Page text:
On a calm Friday evening in March, artist John Perry sat down at Spencer’s Coffee in downtown Bowling Green.  Just two weeks before, Perry hosted an opening reception of his painting series called “Crystalline” in the same location.  The well-attended event included students and members of the community and featured special guests Tiger Merritt and Travis Goodwin from the band Morning Teleportation, who played live music.

Spencer’s owner Justin Shepherd invited Perry to hang his work after Spencer’s renovated and reopened in January.

“I knew John’s work,” Shepherd said.  “It’s good work and really big.  Perfect stuff to put up to reopen with.  The paintings have a lot of depth to them.”

With his paintings surrounding him, Perry seemed right at home.  However, the warm interior of Spencer’s was a far different atmosphere from what Perry was used to working in.  Perry explained his studio in Nashville as a simple, unheated shed in his backyard.  The lack of heat in January wasn’t easy to deal with, but Perry said this condition actually helped him create the “Crystalline” exhibition.  As Perry painted his canvas, he observed that the paint began to freeze.

The freezing paint was initially an accident.

“After I noticed it was going on, I pursued it.”  Perry said.  “In 15 minutes or so the paint would freeze.  The ice was making some marks of it’s own.”

Perry’s art professor, Yvonne Petkus, observed Perry’s response to stimuli while instructing him at WKU.

“He had a sense of experimentation and excitement about new ideas,” Petkus said.

Perry embraced the experiment, at times even pouring hot water onto his canvases to help the process.  Yet this wasn’t the first time he had taken an unconventional route to painting.  Perry preformed his art, which was broadly considered non-representational painting, during a live house show with the band Buffalo Rodeo.

“We had done it a couple of times before,” Perry said.  “But what we wanted to do was do it live as a performance in their house.”

During the show, Perry painted as the music played. 

“I painted as I felt moved to paint by the music,” Perry said.  “It was a really beautiful experience.”

He allowed the songs to stimulate his movements and brushstrokes, collaborating with the musicians.

“It came very naturally,” Perry said.  “It’s actually not very different from playing it or dancing to it.”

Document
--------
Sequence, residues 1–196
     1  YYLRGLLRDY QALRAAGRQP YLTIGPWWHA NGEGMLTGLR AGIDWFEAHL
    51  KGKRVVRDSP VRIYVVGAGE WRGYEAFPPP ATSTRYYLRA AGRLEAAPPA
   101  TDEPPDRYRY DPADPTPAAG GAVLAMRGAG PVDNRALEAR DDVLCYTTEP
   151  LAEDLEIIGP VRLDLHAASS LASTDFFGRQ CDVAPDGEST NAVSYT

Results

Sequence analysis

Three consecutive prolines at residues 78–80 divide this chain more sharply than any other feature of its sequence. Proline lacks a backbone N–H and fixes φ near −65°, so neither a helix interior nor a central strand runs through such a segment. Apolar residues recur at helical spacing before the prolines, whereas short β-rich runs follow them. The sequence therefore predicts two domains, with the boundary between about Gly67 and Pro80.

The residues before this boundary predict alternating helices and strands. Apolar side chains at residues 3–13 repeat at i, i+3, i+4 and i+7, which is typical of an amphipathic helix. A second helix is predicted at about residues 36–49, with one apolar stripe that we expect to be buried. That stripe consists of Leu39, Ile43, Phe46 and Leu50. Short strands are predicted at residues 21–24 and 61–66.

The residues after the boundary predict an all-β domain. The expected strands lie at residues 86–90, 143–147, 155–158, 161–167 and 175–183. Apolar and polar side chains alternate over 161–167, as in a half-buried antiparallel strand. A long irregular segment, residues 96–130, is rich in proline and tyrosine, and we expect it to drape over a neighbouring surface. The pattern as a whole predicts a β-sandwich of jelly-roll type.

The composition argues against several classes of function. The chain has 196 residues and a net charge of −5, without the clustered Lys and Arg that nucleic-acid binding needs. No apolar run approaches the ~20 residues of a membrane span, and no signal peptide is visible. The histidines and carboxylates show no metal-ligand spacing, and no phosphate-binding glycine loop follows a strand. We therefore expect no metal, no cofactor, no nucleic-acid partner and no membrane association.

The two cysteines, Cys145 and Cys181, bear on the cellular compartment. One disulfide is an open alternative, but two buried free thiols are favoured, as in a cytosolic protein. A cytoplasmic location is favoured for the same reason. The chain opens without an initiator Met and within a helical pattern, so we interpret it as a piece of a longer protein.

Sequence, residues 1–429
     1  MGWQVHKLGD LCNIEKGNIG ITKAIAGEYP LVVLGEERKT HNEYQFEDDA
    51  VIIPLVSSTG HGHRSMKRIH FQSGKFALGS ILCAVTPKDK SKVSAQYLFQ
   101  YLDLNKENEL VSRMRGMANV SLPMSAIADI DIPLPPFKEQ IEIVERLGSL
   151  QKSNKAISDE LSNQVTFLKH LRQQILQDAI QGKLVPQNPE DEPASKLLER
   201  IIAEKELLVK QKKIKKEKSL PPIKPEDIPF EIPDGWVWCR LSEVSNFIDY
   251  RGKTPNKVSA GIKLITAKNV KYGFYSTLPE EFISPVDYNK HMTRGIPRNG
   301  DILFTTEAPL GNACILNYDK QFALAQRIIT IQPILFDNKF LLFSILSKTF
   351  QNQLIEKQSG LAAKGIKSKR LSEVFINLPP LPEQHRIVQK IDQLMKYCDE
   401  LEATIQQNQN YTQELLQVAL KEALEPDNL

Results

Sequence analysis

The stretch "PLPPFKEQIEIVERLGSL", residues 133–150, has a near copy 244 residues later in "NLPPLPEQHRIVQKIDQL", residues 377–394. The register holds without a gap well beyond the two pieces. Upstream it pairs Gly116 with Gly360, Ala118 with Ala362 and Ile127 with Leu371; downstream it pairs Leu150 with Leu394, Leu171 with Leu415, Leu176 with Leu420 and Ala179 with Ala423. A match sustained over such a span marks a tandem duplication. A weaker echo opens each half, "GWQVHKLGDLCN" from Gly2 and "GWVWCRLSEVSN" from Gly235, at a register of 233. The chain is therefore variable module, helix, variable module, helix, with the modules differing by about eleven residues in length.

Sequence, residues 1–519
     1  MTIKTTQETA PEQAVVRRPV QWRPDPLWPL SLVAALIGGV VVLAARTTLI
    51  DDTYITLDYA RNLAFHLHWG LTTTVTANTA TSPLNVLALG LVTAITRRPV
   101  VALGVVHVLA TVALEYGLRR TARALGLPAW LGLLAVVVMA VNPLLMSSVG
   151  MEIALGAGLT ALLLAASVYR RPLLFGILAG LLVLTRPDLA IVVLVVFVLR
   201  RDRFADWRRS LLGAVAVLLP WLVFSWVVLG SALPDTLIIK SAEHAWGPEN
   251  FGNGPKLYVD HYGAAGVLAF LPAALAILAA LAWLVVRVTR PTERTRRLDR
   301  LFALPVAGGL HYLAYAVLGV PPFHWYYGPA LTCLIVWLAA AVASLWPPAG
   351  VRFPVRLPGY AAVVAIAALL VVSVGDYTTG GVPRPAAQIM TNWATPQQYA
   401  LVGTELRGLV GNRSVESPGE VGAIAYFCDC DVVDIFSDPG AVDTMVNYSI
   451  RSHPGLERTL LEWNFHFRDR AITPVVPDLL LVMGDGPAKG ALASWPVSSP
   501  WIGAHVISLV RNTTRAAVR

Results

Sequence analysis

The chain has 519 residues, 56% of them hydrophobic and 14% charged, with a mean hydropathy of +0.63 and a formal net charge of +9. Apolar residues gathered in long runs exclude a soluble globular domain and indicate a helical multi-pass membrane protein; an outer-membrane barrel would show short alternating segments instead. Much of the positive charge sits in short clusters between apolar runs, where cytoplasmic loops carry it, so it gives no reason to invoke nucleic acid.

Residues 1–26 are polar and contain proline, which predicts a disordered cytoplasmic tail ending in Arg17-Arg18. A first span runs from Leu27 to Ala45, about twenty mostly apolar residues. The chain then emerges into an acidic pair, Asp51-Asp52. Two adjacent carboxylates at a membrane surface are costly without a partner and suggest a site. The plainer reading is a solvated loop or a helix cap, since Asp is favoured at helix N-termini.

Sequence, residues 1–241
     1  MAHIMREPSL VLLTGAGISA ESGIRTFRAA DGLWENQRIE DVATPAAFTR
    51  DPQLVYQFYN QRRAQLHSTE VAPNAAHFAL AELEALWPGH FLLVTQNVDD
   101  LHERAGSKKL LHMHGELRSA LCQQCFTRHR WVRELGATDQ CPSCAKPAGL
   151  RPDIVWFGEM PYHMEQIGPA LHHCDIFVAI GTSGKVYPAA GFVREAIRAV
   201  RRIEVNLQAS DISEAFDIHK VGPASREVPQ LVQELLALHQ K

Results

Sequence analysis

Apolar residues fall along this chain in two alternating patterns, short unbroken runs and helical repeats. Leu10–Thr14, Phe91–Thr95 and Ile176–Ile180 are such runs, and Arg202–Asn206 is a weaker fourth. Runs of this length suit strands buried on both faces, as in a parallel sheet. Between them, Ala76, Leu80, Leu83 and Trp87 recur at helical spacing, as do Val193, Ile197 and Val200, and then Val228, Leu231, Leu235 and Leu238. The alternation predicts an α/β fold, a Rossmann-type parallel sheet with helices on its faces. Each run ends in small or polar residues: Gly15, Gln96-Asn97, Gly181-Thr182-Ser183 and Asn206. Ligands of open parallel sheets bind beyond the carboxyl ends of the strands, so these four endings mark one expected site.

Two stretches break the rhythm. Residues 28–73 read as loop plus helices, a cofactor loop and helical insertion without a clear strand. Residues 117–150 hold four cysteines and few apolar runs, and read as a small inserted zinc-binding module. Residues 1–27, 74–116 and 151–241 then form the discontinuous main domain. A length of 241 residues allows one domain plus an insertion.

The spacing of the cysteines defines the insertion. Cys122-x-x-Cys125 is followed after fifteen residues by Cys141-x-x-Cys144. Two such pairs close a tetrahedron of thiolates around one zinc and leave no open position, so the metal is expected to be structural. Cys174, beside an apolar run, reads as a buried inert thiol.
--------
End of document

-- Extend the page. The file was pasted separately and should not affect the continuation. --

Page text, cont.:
According to Perry, the show involved everyone from him, to the musicians, to the audience.

“I’m pretty sure I got paint on everyone in the front,” Perry said.

Petkus was familiar with Perry’s process of fusing art and music.

“John’s not worried about doing it right,” Petkus said.  “He’s responding to the moment and the music.  We end up with the residue of that response.  He’s genuinely in love with music and painting, so that interaction wasn’t an imposition.  It was a true partnership in a way.”

Perry, a painting and graphic design double major while at WKU, believed that the secret to creating great art was taking risks.

“A blank canvas has always been very exciting for me,” Perry said.  “It stares right back at you, daring you to make a mark.”

The permanence of paint thrilled Perry because a brushstroke could not be erased or undone like a pencil drawing or digital art.

“You can’t go backwards,” Perry said.  “You can’t erase.  There’s no undo button when you’re painting.  You’re trapping yourself, in a way, into a problem you have to solve.  You’re not going to be beat by it.  You’re going to keep painting until it’s right.  You just keep pushing.”

Perry painted because he felt like he had something to say as an artist, and painting was the only way he could fully articulate himself.

“[I’m] reaching for something, at least,” Perry said.  “I don’t necessarily know what that is, but I know painting is getting me there.”

Perry had a number of mentors in his life that gave him technical and inspirational advise. 

“The best piece of advice I ever got was from a buddy who said, ‘I’m going to have to stop trying to be an artist and just be one,’” Perry said.  “You always doubt yourself a little bit.  That’s normal.  You shouldn’t be afraid of that.  Just trust that what you’re doing is important.  You have to be willing to be vulnerable and brave enough.  That’s what’s moving.”